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Williams v. State

Supreme Court of Delaware

May 12, 2014

MELVIN L. WILLIAMS, Defendant Below, Appellant,
v.
STATE OF DELAWARE, Plaintiff Below, Appellee

Submitted March 31, 2014.

Motion for Rehearing filed 5/7/14; Denied 5/9/14. Case Closed May 19, 2014.

Editorial Note:

This decision has been designated as "Table of Decisions Without Published Opinions." in the Atlantic Reporter.

Court Below--Superior Court of the State of Delaware in and for New Castle County. Cr. ID No. 0406005054.

Before HOLLAND, JACOBS and RIDGELY, Justices.

OPINION

Jack B. Jacobs, Justice.

ORDER

This 12th day of May 2014, upon consideration of the opening brief filed by the appellant and the motion to affirm filed by the appellee, it appears to the Court that:

(1) In 2006, Williams was found guilty by a Superior Court jury of Murder in the First Degree and related weapons offenses. The Superior Court sentenced Williams to life imprisonment and a term of years followed by probation. On appeal, this Court affirmed Williams' convictions and sentence.[1]

(2) In March 2008, Williams, with the assistance of counsel, moved for postconviction relief pursuant to Superior Court Criminal Rule 61 (" Rule 61" ). After consideration of the motion, an affidavit filed by Williams' trial counsel, and the State's response, the Superior Court denied the motion,[2] and on appeal this Court affirmed.[3]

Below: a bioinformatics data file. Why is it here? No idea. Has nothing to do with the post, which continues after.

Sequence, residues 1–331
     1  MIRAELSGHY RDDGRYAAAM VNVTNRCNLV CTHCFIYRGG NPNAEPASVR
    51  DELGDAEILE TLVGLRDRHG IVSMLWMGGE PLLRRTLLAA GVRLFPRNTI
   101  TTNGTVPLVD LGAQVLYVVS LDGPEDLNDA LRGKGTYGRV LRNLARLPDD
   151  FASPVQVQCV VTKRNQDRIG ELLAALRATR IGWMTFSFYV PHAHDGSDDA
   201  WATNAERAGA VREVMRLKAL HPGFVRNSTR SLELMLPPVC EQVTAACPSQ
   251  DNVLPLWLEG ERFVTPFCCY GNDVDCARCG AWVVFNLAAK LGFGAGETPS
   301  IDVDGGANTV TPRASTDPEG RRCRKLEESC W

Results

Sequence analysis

(3) In January 2014, Williams filed a pro se motion for postconviction relief under Rule 61 and a motion for appointment of counsel. By order dated February 4, 2014, the Superior Court summarily dismissed the postconviction motion and denied the appointment of counsel.[4] This appeal followed.

(4) It is well-settled that when reviewing a denial of postconviction relief, this Court will address any procedural bars before considering the merits of any claim for relief.[5] Having considered the Rule 61(i) procedural bars, the Court has determined that Williams' second postconviction motion is procedurally barred as untimely,[6] repetitive,[7] defaulted,[8] and formerly adjudicated.[9] In the absence of a constitutional violation,[10] a newly recognized retroactively applicable right,[11] or any indication that consideration of Williams' claims is warranted in the interest of justice,[12] we conclude that Williams' second postconviction motion was properly subject to summary dismissal under Rule 61(d)(4).[13] We further conclude that, under the circumstances of this case, wherein Williams was represented by counsel on his first motion for postconviction relief and raises claims in his second postconviction motion that are procedurally barred, the Superior Court's denial of Williams' motion for appointment of counsel was not an abuse of discretion.

NOW, THEREFORE, IT IS ORDERED that the appellee's motion to affirm is GRANTED. The judgment of the Superior Court is AFFIRMED.


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